The COVID-19 pandemic has made many of us hunker down and shelter in place these past few months, inspiring a number of new, self-sustaining hobbies such as cooking, baking sourdough bread, and gardening.
We’re now well into July, and the literal fruits of that quarantine labor is finally being realized. Tomatoes are ripening, cucumbers are ready for pickling, and zucchini is abundant. Though, the gardening boom we’ve seen during the COVID-19 pandemic is about much more than growing food – but increasing our connection with land and the immediate environment around us.
Transforming concrete patios and other built spaces into gardens – either by removing concrete or placing pots and planters on your deck or patio – provides a refuge for not only you, your family, or housemates, but invites native plants, birds, and pollinators into your yard. Gardens are a great tool to connect with the natural environment, preserve native habitats, and – critically – to build healthy soil that provides plants with easy access to air, water, and nutrients.
Promoting healthy soil is one way to combat the negative impacts of our built environment.
Soil is much more than ‘dirt.’ It’s alive and teeming with billions of microorganisms – such as fungi, bacteria, and earthworms that break down organic matter, transport essential nutrients, and improve soil by creating burrows and pathways for air and water to reach plant roots. Healthy soil also prevents pollution from reaching groundwater and our waterways, and captures carbon from the atmosphere and reduces our overall greenhouse gas emissions.
As gardening surges during the COVID-19 pandemic, it’s important to know that these practices are not limited to large-scale farming operations – but can be used in your own backyard and urban community to support the ecosystems around us.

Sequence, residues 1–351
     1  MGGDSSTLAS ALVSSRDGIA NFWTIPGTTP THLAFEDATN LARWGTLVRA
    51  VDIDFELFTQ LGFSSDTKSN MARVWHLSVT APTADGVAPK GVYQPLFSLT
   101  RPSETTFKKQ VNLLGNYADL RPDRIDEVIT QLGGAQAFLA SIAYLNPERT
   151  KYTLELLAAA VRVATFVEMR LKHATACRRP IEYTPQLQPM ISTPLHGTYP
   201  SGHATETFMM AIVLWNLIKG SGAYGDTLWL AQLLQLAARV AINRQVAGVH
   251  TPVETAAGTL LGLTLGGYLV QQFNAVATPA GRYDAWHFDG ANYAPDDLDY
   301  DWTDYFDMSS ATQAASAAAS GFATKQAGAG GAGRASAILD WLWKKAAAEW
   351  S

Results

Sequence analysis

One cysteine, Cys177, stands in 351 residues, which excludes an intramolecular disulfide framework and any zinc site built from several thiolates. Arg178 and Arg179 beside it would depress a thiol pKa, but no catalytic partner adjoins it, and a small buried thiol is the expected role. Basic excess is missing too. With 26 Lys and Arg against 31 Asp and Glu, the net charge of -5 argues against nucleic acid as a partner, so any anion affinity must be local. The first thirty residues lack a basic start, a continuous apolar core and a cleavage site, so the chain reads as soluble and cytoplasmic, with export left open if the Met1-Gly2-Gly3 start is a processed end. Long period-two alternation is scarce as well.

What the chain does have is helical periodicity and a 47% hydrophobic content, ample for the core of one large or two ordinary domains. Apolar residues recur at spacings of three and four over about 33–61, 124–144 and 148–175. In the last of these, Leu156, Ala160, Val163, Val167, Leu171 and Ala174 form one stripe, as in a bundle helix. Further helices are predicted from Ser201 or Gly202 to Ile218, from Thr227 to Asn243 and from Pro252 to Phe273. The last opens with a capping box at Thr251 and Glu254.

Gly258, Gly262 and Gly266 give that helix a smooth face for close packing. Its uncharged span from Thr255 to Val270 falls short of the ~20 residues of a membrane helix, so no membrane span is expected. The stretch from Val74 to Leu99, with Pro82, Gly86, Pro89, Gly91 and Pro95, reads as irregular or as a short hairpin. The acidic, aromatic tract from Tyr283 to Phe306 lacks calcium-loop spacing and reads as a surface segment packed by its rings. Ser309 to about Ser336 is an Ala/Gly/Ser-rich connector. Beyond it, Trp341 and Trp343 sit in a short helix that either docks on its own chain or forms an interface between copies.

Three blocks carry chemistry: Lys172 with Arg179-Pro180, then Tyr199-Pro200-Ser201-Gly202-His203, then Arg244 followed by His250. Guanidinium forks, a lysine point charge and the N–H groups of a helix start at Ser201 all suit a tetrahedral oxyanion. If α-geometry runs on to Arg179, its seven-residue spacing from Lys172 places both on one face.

- No-till gardening/farming. Tilling – a method used to break up and loosen soil, and turn up weeds – is the traditional, most commonly thought of way to prepare soil to grow your garden. However, tilling destroys the fungal networks and organic compounds in the soil that is necessary to support plant life. No-till not only save you back-breaking labor, but allow you to build up the health of your soil.
- Keep the soil covered – using mulch or cover cropping. Mulch or cover crops can be used to protect exposed topsoil from erosion and add rich organic matter as they decompose. Mulch and cover crops increase water retention, minimize weeds, and reduce plant stress by moderating soil temperatures.
- Avoid pesticides. Rather than using toxic chemicals to eradicate garden pests and weeds, there are a number of organic solutions, such as spraying neem oil to deter pesky aphids, introducing beneficial insects, and companion planting that draw in beneficial bugs and repels pests.
- Nourish your soil without synthetic fertilizers. Soil often needs to be supplemented with nutrients, such as nitrogen, phosphorus, and potassium – however, the use of synthetic fertilizers contaminates and leaches into groundwater, or runs off into our rivers and streams. Using organic compost, fish emulsion, or algae can improve the health of your soil, while providing plants with needed nutrients – without harming our environment.
- Reduce runoff. Inefficient water use for our landscaping generates runoff that pollutes our waterways and coastal areas – and wastes precious water. Outdoor water use can be reduced by up to forty percent by avoiding over-watering, retaining water on your property, and using drought tolerant plants.
If you don’t have access to a yard, deck, or patio, there are a number of community gardens and other urban farm resources throughout California. Here are a couple from our local California Waterkeepers to get you started:
Connecting with your outdoor space will not only improve your wellbeing and health. It’s something you can safely do during the COVID-19 pandemic to protect clean air and water – and that begins by nurturing the soil beneath your feet.